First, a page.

1883 – 1959
One of the greatest British etchers of the 20th century, James McBey’s prints, together those of fellow Scots David Young Cameron and Muirhead Bone, provide a vital link between the etchings of James McNeill Whistler, the early years of etching revival and the phenomenal ‘boom’ in the etching market during the 1920s—a period when more etchings were made, editioned, published, exhibited, sold and resold than at any other time.
McBey’s career began as a bank clerk until, at the age of 26, he determined to become an artist. His first etching was made in 1902 and the influence of Whistler was already evident; his early Scottish plates caught the attention of dealers and collectors alike. His trip to Holland in 1910 introduced him to the work of Rembrandt and it was here that he discovered the merits of using antique papers. McBey returned to London then travelled to Spain in 1911 as a result of which he made seven etchings about bull fighting, among them A Fierce Bull and The Ovation to the Matador. The latter was ‘hailed as a masterpiece’ when first exhibited. By now he was exhibiting in the Goupil Gallery, London: earning the respect and praise of those doyens of the print world, Martin Hardie and Malcolm Salaman, his exhibitions sold out. Working towards his next exhibition, McBey went to Morocco in 1912, making fourteen etchings that included The Jewish Quarter, Tetuan.
By the outbreak of World War 1, he was living and working in London. The city featured little in his oeuvre but Repairing a Barge, Bermondsey is one a number of plates concerned with shipping and mercantile life along the River Thames. During the War, McBey was stationed in Boulogne, where he was sent in 1916, and his wonderfully rich drypoints France at her Furnaces and The Carpenter of Hesdin were made in early 1917, shortly before the War Office made him official artist to the Palestine Expeditionary Front. ‘The First Palestine Set’ of eight etchings and drypoints, made after drawings at Gaza, Jerusalem and the Sinai Desert, were made in 1920, amongst these The Sniper and The Surrender of Jerusalem. In February that year he made The Pianist of which Guichard remarked ‘[is] a brilliant psychological study in the electric light which astonishes by the minimal delineation of [the] three heads’ (British Etchers, 1977).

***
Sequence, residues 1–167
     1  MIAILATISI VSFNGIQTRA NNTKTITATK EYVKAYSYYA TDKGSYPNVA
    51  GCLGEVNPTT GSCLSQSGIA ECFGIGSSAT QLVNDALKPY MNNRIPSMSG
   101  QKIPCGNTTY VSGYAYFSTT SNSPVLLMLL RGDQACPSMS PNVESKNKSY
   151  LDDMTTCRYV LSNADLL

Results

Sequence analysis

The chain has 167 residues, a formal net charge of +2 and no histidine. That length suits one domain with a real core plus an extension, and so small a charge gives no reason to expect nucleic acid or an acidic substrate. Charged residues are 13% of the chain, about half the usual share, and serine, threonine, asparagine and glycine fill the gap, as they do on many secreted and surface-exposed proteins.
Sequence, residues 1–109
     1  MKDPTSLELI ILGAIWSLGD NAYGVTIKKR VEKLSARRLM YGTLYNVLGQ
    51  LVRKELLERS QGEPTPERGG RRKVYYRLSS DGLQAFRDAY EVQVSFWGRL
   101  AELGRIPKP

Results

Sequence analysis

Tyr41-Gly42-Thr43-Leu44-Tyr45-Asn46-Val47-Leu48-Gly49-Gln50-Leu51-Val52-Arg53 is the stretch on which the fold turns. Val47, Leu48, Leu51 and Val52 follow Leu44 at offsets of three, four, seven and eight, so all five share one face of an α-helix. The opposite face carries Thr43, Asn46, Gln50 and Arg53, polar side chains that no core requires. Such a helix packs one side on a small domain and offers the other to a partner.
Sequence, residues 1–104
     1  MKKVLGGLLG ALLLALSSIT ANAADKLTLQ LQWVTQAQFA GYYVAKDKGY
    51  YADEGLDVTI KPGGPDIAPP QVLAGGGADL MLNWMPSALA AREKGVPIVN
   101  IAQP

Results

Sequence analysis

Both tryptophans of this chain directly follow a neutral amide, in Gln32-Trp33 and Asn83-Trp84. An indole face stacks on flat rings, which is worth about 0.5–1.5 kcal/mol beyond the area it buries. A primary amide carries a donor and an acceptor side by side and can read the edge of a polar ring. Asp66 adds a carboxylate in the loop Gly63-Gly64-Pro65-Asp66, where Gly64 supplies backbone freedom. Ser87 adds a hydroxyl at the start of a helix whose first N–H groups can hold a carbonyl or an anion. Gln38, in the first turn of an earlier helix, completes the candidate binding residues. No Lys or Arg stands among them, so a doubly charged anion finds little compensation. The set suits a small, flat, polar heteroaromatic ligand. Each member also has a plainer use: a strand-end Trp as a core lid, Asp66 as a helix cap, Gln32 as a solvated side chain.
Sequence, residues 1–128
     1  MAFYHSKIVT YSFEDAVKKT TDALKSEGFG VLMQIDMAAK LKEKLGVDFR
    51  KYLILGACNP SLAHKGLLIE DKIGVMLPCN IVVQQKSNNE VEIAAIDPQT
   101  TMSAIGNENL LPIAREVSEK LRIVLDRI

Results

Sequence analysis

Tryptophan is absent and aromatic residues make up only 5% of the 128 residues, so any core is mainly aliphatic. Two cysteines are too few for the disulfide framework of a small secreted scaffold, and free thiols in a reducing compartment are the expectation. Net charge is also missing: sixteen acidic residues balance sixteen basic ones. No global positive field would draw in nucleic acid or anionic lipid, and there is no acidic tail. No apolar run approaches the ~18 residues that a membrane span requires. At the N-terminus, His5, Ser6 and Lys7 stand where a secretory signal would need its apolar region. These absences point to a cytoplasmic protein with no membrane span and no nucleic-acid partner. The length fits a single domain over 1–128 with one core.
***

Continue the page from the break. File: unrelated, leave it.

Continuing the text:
McBey continued working upon War Office projects into the 1920s, made a short visit to Holland which resulted in further plates of Dutch subjects, and in September 1924, in the footsteps of many British artists, not least Whistler, he visited Venice. His 32 etched plates of Venice arguably represent the pinnacle of McBey’s career as a printmaker, where his economy of line, impressionistic treatment of surface, and dramatic effects of light are at their most honed in plates such as The Passing Gondola, Sotto Portico, and The Doorway. McBey was never again to find a subject like ‘The City of Light’ that could so fire his imagination. He made several portrait etchings and numerous subjects along the east and west coasts of America, from New York to San Louis Obispo. His new plates, though few in number, were published up until 1944, but in these there is little of the earlier vitality and vision that had made him the most celebrated and sought-after etcher of his day.